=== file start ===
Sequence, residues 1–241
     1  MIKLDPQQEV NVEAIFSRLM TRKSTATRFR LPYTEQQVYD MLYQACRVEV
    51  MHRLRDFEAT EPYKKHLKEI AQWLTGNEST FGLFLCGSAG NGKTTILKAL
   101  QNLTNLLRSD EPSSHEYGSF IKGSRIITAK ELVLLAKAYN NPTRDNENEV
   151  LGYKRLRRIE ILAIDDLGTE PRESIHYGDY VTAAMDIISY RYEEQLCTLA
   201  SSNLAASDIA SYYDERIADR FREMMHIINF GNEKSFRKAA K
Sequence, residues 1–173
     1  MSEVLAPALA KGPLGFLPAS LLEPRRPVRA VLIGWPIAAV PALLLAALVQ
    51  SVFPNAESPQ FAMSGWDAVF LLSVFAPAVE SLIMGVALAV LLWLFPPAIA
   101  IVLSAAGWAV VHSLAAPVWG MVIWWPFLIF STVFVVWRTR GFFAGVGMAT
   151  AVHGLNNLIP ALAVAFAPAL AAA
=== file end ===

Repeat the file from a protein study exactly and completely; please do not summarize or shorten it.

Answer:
Sequence, residues 1–241
     1  MIKLDPQQEV NVEAIFSRLM TRKSTATRFR LPYTEQQVYD MLYQACRVEV
    51  MHRLRDFEAT EPYKKHLKEI AQWLTGNEST FGLFLCGSAG NGKTTILKAL
   101  QNLTNLLRSD EPSSHEYGSF IKGSRIITAK ELVLLAKAYN NPTRDNENEV
   151  LGYKRLRRIE ILAIDDLGTE PRESIHYGDY VTAAMDIISY RYEEQLCTLA
   201  SSNLAASDIA SYYDERIADR FREMMHIINF GNEKSFRKAA K
Sequence, residues 1–173
     1  MSEVLAPALA KGPLGFLPAS LLEPRRPVRA VLIGWPIAAV PALLLAALVQ
    51  SVFPNAESPQ FAMSGWDAVF LLSVFAPAVE SLIMGVALAV LLWLFPPAIA
   101  IVLSAAGWAV VHSLAAPVWG MVIWWPFLIF STVFVVWRTR GFFAGVGMAT
   151  AVHGLNNLIP ALAVAFAPAL AAA